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Autobiography of a Geisha


Publisher:Columbia University Press



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About the book:

Sayo Masudas Autobiography of a Geisha offers a story of unremitting hardship faced by a hot-springs geisha, a virtual indentured sex-slave in pre-World War II Japan.

Born in 1925, Masuda began work as a nursemaid at age 5 and suffered a childhood of emotional and material poverty. She was then sold to the Takenoya geisha house in Upper Suwa at age 12. While her food and clothing were provided for by Takenoya, she was subject to constant verbal abuse as an apprentice. At one point, she was heaved down the stairs by her "Mother" (the name she uses for the proprietor of the geisha house) and nearly lost a leg. During her recovery, she attempted suicide and further injured herself.

Eventually, Masuda mastered the art of seduction as a geisha. The middle portion of the narrative is taken up with stories of her successful campaign for a danna (patron), of her brothers tragic suicide, and of her star-crossed love affair with a Japanese politician.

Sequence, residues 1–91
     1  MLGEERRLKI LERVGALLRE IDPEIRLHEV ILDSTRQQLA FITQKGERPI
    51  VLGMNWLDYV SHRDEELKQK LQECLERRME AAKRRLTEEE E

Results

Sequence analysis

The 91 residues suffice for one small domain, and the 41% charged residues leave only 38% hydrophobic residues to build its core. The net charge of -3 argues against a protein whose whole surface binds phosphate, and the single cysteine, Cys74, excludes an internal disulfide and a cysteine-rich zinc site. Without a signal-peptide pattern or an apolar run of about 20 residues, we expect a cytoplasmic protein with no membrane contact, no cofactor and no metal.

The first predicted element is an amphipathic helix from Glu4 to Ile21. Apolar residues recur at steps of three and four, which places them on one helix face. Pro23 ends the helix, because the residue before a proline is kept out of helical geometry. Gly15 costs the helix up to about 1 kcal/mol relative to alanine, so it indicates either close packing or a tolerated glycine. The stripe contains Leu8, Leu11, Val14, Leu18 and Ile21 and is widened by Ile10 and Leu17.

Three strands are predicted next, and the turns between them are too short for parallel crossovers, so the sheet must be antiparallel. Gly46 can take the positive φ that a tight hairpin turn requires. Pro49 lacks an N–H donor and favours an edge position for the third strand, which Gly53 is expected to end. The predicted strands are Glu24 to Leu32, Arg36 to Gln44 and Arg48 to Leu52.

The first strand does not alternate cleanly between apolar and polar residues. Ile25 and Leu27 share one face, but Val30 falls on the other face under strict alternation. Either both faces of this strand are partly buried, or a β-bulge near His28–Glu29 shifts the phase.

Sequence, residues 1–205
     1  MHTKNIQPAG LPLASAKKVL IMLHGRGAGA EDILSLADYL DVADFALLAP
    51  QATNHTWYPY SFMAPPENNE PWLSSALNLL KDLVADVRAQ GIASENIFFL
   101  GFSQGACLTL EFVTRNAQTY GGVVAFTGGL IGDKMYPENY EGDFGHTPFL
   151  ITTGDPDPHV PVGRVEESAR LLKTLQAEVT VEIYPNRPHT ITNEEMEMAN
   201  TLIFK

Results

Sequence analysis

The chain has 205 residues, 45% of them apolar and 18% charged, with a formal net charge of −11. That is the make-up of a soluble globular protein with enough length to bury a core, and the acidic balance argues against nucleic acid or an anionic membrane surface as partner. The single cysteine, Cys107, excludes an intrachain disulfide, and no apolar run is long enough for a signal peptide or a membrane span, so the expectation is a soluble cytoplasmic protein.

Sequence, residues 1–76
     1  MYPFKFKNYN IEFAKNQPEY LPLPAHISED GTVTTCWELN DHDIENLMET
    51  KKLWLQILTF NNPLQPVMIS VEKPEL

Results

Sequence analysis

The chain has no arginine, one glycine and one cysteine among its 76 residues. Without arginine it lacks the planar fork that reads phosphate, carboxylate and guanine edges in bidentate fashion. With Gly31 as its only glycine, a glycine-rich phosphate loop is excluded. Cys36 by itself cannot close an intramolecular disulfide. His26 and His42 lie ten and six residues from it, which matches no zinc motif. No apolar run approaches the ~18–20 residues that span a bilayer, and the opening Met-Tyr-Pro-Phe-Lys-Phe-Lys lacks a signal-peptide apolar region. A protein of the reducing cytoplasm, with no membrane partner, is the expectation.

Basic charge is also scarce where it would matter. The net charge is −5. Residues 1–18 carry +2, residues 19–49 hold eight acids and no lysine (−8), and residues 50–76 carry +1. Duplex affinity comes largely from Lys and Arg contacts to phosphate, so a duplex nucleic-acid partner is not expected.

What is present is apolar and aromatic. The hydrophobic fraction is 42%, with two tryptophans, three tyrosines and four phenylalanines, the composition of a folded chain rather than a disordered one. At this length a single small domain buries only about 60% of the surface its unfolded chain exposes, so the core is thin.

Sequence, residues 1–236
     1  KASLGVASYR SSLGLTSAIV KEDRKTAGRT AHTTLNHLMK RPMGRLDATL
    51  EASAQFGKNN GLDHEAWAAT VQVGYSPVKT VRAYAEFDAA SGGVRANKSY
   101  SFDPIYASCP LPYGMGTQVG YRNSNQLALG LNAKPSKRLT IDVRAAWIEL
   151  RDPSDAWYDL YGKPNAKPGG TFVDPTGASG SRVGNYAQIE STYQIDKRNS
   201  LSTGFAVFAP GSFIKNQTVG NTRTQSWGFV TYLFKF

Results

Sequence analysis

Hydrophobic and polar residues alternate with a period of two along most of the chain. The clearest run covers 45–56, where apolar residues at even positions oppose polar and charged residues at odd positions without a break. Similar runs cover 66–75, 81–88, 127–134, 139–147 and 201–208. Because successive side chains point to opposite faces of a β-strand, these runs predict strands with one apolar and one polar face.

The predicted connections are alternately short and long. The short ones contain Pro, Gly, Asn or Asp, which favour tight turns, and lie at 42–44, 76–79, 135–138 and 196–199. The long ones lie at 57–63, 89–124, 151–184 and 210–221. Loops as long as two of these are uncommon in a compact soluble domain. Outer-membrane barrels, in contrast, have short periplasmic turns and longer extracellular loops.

Autobiography of a Geisha, translated for the first time into English by G. G. Rowley, was published in Japan in 1957 and has been in print in Japan steadily ever since. The tale is rendered in a simple English prose to reflect Masudas own, untrained style (she did not have schooling and she only learned to write hiragana script later in life). For Western readers, Masudas autobiography is a gift: a glimpse into the dark reality behind one of the most shrouded institutions in Japanese culture. --Patrick OKelley

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